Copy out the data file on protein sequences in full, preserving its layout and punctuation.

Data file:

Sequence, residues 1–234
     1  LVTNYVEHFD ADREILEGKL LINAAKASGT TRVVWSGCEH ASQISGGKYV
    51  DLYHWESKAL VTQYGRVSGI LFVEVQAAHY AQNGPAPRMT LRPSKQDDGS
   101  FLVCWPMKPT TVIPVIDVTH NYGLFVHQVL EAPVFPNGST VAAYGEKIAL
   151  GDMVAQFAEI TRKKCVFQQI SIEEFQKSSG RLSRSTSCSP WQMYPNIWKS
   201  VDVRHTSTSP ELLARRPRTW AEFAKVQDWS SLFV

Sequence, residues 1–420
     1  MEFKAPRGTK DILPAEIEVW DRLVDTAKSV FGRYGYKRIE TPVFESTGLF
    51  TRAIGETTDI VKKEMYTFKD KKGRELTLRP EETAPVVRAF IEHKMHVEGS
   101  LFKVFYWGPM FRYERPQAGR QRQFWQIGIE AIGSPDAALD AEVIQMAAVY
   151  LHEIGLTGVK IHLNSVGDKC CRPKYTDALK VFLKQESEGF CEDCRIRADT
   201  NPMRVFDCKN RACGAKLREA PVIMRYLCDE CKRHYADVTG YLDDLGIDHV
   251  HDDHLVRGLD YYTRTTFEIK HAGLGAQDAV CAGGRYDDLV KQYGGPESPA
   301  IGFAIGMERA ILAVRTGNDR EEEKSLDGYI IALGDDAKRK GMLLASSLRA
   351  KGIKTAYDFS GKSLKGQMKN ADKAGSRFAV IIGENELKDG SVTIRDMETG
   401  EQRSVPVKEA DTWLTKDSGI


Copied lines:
Sequence, residues 1–234
     1  LVTNYVEHFD ADREILEGKL LINAAKASGT TRVVWSGCEH ASQISGGKYV
    51  DLYHWESKAL VTQYGRVSGI LFVEVQAAHY AQNGPAPRMT LRPSKQDDGS
   101  FLVCWPMKPT TVIPVIDVTH NYGLFVHQVL EAPVFPNGST VAAYGEKIAL
   151  GDMVAQFAEI TRKKCVFQQI SIEEFQKSSG RLSRSTSCSP WQMYPNIWKS
   201  VDVRHTSTSP ELLARRPRTW AEFAKVQDWS SLFV

Sequence, residues 1–420
     1  MEFKAPRGTK DILPAEIEVW DRLVDTAKSV FGRYGYKRIE TPVFESTGLF
    51  TRAIGETTDI VKKEMYTFKD KKGRELTLRP EETAPVVRAF IEHKMHVEGS
   101  LFKVFYWGPM FRYERPQAGR QRQFWQIGIE AIGSPDAALD AEVIQMAAVY
   151  LHEIGLTGVK IHLNSVGDKC CRPKYTDALK VFLKQESEGF CEDCRIRADT
   201  NPMRVFDCKN RACGAKLREA PVIMRYLCDE CKRHYADVTG YLDDLGIDHV
   251  HDDHLVRGLD YYTRTTFEIK HAGLGAQDAV CAGGRYDDLV KQYGGPESPA
   301  IGFAIGMERA ILAVRTGNDR EEEKSLDGYI IALGDDAKRK GMLLASSLRA
   351  KGIKTAYDFS GKSLKGQMKN ADKAGSRFAV IIGENELKDG SVTIRDMETG
   401  EQRSVPVKEA DTWLTKDSGI